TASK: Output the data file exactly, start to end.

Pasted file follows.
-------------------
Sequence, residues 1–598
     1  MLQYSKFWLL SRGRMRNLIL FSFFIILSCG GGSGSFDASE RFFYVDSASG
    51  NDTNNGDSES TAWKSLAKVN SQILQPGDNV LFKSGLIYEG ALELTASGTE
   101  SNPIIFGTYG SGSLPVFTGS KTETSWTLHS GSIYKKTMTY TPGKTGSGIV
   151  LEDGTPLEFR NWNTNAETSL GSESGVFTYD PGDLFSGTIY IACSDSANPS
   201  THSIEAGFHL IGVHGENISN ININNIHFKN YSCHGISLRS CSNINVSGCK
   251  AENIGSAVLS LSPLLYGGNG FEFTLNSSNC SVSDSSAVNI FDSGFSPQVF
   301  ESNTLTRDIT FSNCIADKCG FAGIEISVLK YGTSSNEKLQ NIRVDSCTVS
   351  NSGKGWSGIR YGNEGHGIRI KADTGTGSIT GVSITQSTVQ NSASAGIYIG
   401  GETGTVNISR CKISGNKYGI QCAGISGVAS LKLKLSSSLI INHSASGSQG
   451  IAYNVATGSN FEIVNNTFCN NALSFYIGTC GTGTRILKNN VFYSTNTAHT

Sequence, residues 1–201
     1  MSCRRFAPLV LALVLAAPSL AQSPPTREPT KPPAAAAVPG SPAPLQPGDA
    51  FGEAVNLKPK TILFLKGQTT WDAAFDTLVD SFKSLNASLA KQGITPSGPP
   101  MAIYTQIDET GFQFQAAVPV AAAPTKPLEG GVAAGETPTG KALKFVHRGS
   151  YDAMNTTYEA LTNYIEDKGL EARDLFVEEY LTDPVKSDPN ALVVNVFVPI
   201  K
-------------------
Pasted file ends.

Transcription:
Sequence, residues 1–598
     1  MLQYSKFWLL SRGRMRNLIL FSFFIILSCG GGSGSFDASE RFFYVDSASG
    51  NDTNNGDSES TAWKSLAKVN SQILQPGDNV LFKSGLIYEG ALELTASGTE
   101  SNPIIFGTYG SGSLPVFTGS KTETSWTLHS GSIYKKTMTY TPGKTGSGIV
   151  LEDGTPLEFR NWNTNAETSL GSESGVFTYD PGDLFSGTIY IACSDSANPS
   201  THSIEAGFHL IGVHGENISN ININNIHFKN YSCHGISLRS CSNINVSGCK
   251  AENIGSAVLS LSPLLYGGNG FEFTLNSSNC SVSDSSAVNI FDSGFSPQVF
   301  ESNTLTRDIT FSNCIADKCG FAGIEISVLK YGTSSNEKLQ NIRVDSCTVS
   351  NSGKGWSGIR YGNEGHGIRI KADTGTGSIT GVSITQSTVQ NSASAGIYIG
   401  GETGTVNISR CKISGNKYGI QCAGISGVAS LKLKLSSSLI INHSASGSQG
   451  IAYNVATGSN FEIVNNTFCN NALSFYIGTC GTGTRILKNN VFYSTNTAHT

Sequence, residues 1–201
     1  MSCRRFAPLV LALVLAAPSL AQSPPTREPT KPPAAAAVPG SPAPLQPGDA
    51  FGEAVNLKPK TILFLKGQTT WDAAFDTLVD SFKSLNASLA KQGITPSGPP
   101  MAIYTQIDET GFQFQAAVPV AAAPTKPLEG GVAAGETPTG KALKFVHRGS
   151  YDAMNTTYEA LTNYIEDKGL EARDLFVEEY LTDPVKSDPN ALVVNVFVPI
   201  K